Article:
Dubai street lined up with Christmas trees for sale
Al Hudaiba Street in Satwa is home to scores of small shops selling ‘fresh’ trees
Dubai: With Christmas around the corner, many residents are going in for real trees over cheap plastic ones in Dubai.
Christmas trees, usually a pine or fir variety, are imported to Dubai from Canada, the US and other countries during Christmas time.
Although they are sold in large stores such as Ikea, Ace, Home Centre and Spinneys, one street in Dubai — Al Hudaiba Road in Satwa — is popular with seasonal shoppers buying real Christmas trees from small shops.
Small real Christmas trees — three to five feet in height — start at around Dh250, climbing all the way up in price and height to around Dh5,000 for a 12-footer.
Plastic trees are much cheaper on average, starting at less than Dh10 for a four-feet tree to over Dh1,000 for a 12-footer, prices quoted online by UAE stores show.
Still, some shoppers prefer to celebrate Christmas with a real tree.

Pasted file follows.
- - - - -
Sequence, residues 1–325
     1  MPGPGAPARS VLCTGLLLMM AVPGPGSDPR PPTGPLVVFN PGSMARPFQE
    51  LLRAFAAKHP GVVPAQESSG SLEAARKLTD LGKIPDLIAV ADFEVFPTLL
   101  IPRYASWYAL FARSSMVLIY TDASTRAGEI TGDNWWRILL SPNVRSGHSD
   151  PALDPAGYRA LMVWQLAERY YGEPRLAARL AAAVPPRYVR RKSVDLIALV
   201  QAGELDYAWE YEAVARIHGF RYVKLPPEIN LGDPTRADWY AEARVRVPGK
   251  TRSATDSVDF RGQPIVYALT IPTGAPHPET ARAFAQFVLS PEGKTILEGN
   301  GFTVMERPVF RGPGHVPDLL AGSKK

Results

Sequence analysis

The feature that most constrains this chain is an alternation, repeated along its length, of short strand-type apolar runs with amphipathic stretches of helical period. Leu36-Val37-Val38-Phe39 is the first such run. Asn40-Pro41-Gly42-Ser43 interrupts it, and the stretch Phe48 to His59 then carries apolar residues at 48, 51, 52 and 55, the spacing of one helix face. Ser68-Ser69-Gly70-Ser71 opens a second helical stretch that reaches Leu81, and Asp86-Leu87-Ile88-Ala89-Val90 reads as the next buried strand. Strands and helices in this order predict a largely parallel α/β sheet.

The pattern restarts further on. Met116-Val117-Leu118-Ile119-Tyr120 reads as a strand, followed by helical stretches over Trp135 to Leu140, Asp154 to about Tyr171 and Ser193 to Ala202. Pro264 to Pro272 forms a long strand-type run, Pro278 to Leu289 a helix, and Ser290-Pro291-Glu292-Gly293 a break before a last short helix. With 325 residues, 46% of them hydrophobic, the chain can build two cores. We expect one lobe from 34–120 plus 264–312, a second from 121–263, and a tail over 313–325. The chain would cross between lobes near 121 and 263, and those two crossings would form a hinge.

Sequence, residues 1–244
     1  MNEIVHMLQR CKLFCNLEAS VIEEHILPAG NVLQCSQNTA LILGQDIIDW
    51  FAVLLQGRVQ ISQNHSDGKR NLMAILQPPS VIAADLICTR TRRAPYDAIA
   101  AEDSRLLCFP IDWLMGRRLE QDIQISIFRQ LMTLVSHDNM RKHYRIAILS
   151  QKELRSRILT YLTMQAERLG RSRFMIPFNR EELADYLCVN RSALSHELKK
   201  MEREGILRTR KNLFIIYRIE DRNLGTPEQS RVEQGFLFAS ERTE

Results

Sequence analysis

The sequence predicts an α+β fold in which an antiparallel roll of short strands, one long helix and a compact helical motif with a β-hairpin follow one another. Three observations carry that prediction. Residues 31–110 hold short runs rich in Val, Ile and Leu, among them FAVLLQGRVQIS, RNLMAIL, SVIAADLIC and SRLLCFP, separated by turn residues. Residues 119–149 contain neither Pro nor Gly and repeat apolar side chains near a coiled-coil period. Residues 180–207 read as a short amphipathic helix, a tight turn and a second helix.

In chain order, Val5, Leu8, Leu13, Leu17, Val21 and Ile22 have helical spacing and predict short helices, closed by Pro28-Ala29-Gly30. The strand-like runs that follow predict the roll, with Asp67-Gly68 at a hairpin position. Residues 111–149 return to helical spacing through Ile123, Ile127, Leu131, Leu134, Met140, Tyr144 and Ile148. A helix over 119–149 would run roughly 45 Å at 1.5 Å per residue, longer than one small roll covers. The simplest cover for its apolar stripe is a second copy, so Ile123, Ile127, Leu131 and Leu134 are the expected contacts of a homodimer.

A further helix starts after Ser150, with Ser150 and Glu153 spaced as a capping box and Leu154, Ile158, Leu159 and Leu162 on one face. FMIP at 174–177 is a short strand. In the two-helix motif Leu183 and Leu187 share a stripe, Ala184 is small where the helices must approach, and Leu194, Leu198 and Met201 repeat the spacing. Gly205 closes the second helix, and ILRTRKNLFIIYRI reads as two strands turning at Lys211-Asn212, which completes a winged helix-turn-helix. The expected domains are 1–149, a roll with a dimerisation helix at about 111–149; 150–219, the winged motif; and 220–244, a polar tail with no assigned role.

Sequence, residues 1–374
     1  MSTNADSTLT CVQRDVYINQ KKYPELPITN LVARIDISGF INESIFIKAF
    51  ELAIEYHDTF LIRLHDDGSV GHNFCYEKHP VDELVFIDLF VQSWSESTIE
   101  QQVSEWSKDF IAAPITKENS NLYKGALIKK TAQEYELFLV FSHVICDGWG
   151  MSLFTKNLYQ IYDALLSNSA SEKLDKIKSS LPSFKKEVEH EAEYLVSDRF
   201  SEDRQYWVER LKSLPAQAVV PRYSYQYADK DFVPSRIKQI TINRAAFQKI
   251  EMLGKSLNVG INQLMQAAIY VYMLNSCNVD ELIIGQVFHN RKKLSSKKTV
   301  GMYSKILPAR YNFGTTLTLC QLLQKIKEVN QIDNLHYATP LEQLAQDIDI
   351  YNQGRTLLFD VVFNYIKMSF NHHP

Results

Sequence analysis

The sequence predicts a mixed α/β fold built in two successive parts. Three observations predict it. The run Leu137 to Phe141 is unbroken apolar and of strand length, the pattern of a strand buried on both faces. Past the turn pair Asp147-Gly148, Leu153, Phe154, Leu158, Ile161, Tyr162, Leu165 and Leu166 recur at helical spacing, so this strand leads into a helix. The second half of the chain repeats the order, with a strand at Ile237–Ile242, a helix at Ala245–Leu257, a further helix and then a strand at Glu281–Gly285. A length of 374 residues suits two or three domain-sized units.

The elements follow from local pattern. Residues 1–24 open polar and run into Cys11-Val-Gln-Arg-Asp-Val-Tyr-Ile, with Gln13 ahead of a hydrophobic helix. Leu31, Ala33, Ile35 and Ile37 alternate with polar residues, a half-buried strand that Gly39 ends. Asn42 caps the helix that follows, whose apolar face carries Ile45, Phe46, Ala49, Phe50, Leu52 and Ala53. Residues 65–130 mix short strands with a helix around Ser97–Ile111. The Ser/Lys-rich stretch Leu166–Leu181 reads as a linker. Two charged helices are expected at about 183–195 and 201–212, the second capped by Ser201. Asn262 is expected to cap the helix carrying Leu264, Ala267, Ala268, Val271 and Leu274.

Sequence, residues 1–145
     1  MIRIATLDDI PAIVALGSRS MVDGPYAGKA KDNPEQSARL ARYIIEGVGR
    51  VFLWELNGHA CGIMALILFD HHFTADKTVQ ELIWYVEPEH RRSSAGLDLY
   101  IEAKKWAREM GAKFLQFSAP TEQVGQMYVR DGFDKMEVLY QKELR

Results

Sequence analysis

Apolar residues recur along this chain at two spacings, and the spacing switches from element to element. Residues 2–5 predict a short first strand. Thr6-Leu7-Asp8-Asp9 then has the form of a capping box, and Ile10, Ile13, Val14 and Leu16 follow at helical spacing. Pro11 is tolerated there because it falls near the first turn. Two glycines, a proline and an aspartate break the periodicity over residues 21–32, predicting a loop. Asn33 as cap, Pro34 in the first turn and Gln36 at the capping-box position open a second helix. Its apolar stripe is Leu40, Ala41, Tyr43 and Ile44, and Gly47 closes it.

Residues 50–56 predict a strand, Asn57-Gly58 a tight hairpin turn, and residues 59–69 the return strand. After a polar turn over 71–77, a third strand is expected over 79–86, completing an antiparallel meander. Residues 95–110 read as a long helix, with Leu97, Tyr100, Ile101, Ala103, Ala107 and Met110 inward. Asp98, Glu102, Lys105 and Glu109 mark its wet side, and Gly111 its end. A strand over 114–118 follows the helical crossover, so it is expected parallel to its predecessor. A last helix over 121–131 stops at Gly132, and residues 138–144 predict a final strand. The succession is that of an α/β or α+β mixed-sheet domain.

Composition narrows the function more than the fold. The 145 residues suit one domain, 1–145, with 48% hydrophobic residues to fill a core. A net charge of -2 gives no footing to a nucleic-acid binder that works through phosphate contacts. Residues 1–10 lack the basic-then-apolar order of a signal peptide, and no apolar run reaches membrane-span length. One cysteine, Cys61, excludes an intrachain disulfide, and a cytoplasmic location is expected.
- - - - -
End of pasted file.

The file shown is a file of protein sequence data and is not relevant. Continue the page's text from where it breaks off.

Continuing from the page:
“We prefer a ‘fresh’ tree for Christmas. It’s a family tradition of ours to have a real Christmas tree. We usually travel outside the UAE for Christmas, but this year we’re celebrating the festival in Dubai. I came to Satwa to find a real tree,” said German expat Angelina Steinberg.
“I like the variety in the size and price of trees here [on Al Hudaiba Road]. I think an eight or nine-footer will go nicely for our villa.”
Harshad, an employee of the National Flowers shop located on the street, said the Noble, Fraser and Nordmann varieties are the most popular. The shop’s customers include people who live in apartments, villa owners, hotels, churches and corporates throwing up a Christmas party.
“Our tip for shoppers is: water the tree with 7up and ice cubes as it keeps the tree fresher and makes it give off a nice smell,” Harshad said.
Sanju, a salesman at the Al Madina Gardens shop, said: “The good thing about shopping at a smaller shop like us, compared to the big stores, is that we will open the tree for you so you can inspect it. Sometimes a tree looks good when it’s closed — tied up — but when you open it up, it’s not the same. There can be big gaps between the layers of branches or it’s really not in that typical cone Christmas-tree shape.”
Shopkeepers said sales of the trees continue even after the December 25 Christmas Day as many Christians from Russia and Egypt celebrate Christmas on January 6.